Holy Trinity church
The village is named Melrede in the Domesday Book of 1086, apparently from the Old English Myllen riþ, which means "mill stream", after the stream that rises at Melbourn Bury and flows north into the River Cam.
The village was once famous for its fruit production, but is now largely a commuter village for the many commuters who work in Cambridge and London. Orchards still exist in Meldreth, and locally-grown fruits and vegetables are sold in the village, most notably the Meldreth greengage.
The village retains its own railway station, which opened in 1851. In 2001, local celebrations marked the 150th anniversary of Meldreth railway station, which serves the residents of Meldreth and the neighbouring village of Melbourn. Trains from the station run to Cambridge and London King's Cross.
Only one public house is still open; The British Queen has been open since the first half of the 19th century. The first recorded pub in the village was The Bell (also known as The Old Bell or The Blue Bell Inn) which was housed in a thatched building that was built in 1676 and first recorded as a public house in 1726. The Bell closed in 1910. The Railway Tavern opened in 1858 and closed in 1959. It now houses the Tavern Art Gallery. The Dumb Flea pub in Chiswick End closed in 1956 and is now a private house. Other former pubs include The Chequer, recorded in 1785 but believed to have closed soon after, and The Green Man which stood next to the brewery at North End and was open from 1808 till the late 19th century.
Meldreth is home to Meldreth Manor School, run by the charity Scope, as well as home to Meldreth Primary School.
The parish church is dedicated to the Holy Trinity, as it has been since 1443.
It consists of a chancel, aisled nave with south porch, and a west tower housing eight bells. More peals have been rung at Holy Trinity than any other church. The chancel is unusually long and dates from the 12th century, perhaps indicating the existence of an earlier minster on the site. The tower dates from the late 12th century, with the top stage added in the late 13th century.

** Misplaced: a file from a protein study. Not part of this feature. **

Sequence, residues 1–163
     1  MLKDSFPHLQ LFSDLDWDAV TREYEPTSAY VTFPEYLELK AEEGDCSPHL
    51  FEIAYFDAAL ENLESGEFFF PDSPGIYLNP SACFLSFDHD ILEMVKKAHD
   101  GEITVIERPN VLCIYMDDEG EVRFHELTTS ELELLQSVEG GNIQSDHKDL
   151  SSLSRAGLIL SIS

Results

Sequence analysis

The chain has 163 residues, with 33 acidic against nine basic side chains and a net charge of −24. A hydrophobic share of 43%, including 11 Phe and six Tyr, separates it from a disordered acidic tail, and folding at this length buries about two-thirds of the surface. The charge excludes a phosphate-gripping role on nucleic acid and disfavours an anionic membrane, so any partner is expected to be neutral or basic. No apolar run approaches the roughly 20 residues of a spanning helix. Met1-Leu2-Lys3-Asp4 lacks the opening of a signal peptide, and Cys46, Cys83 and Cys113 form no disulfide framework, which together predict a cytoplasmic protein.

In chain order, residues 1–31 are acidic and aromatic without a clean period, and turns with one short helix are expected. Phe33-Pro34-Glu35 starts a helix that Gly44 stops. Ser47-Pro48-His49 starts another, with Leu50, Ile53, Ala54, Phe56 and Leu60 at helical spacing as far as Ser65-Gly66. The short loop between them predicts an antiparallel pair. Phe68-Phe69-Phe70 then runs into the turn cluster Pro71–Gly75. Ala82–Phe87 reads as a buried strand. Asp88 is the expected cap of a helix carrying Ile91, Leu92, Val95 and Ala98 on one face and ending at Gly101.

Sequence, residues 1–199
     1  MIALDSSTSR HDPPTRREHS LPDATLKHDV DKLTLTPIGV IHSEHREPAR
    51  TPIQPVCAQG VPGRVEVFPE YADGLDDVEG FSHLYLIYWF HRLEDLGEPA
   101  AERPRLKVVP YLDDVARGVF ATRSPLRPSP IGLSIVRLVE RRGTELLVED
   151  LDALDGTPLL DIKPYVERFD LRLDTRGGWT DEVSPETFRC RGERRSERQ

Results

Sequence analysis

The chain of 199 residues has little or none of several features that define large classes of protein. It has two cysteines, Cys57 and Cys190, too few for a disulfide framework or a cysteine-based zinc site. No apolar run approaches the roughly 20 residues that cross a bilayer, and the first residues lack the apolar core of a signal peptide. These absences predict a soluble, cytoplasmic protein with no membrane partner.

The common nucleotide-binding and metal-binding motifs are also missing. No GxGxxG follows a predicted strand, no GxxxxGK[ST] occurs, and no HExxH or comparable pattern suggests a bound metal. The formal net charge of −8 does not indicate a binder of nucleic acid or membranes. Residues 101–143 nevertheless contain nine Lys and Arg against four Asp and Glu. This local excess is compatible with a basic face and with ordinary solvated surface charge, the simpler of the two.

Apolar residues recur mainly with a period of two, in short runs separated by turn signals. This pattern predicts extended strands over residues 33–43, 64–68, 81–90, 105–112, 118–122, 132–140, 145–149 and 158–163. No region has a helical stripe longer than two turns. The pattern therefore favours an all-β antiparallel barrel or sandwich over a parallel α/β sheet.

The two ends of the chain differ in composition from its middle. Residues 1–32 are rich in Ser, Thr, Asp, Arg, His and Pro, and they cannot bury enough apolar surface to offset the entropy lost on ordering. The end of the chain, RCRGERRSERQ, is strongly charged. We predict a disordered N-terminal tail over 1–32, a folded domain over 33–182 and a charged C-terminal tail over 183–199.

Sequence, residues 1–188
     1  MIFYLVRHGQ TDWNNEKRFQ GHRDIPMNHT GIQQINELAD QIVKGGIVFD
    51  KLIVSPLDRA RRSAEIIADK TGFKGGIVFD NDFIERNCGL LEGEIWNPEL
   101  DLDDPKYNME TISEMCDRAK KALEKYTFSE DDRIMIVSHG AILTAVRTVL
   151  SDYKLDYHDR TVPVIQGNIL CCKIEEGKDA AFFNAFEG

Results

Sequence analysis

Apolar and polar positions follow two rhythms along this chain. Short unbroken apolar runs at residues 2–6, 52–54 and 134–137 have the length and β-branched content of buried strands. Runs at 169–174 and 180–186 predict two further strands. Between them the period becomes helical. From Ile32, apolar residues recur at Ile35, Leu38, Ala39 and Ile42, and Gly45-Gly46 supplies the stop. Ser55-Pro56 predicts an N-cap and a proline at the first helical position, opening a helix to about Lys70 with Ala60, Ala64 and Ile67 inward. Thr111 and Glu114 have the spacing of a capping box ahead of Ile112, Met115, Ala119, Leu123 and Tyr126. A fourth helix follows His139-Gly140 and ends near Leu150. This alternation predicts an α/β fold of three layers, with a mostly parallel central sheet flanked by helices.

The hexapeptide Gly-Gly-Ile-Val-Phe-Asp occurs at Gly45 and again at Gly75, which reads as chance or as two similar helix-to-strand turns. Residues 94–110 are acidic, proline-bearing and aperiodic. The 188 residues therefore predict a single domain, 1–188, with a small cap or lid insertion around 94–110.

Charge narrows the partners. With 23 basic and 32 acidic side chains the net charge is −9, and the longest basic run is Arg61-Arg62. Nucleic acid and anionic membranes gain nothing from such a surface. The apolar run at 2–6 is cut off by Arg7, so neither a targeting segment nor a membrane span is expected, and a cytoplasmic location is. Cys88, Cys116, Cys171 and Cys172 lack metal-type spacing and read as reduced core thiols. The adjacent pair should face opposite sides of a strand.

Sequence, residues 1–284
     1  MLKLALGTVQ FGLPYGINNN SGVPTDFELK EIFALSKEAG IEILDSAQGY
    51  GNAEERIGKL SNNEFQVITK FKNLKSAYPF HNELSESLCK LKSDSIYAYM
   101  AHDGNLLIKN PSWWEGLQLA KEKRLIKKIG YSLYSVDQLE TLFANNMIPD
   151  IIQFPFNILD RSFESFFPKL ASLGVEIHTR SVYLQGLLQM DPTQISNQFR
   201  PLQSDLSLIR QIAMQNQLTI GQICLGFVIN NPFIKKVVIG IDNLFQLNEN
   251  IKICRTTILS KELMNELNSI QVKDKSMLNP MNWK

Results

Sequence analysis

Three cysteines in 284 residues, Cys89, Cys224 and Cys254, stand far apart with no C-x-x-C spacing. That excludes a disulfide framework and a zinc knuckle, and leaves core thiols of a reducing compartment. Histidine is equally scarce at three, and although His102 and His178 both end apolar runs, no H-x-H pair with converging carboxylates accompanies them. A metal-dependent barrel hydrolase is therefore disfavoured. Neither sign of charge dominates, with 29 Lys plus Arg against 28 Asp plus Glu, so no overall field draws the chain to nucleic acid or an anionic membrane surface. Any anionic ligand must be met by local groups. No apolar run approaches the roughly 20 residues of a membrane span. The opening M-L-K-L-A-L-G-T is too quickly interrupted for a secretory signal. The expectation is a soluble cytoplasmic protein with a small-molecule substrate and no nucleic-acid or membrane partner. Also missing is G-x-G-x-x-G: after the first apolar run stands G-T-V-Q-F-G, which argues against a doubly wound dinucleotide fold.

The village of Meldreth grew in Anglo-Saxon times, and within the parish is Mettle Hill (formerly known as Motlowehyll) that was probably the original meeting place of Armingford Hundred of Cambridgeshire.
Due to its proximity to Cambridge, much of the land has at some time been owned by colleges of the University of Cambridge. In the early 16th century, Christ's College moved to its Meldreth estate to escape the plague.
The Domesday Book compiled in 1086 has this listing for the village:
Melrede: Abbot of Ely and Hardwin and Guy de Raimbeaucourt from him; Abbot of St. Evroul from Earl Roger; Colswein from Count Alan; Hardwin of Scales and Hugh from him; Guy de Raimbeaucourt. 7½ mills, monastery.
In 1952, the Royal Train carrying King George VI's body passed through the station on its journey from Sandringham to London and residents gathered on the platform to pay their last respects to the King.
The village still has a stocks and whipping post, though these are not used today for their appropriate function: the last time a malefactor was punished here was n 1860.
The Greenwich Meridian runs through the village. A stone marker was erected near the western end of Fenny Lane, and unveiled in December 1999 by the Astronomer Royal, Sir Martin Rees.
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- Meldreth Parish Council
- Meldreth information
- Meldreth Community Archive
- Meldreth Matters, the monthly village magazine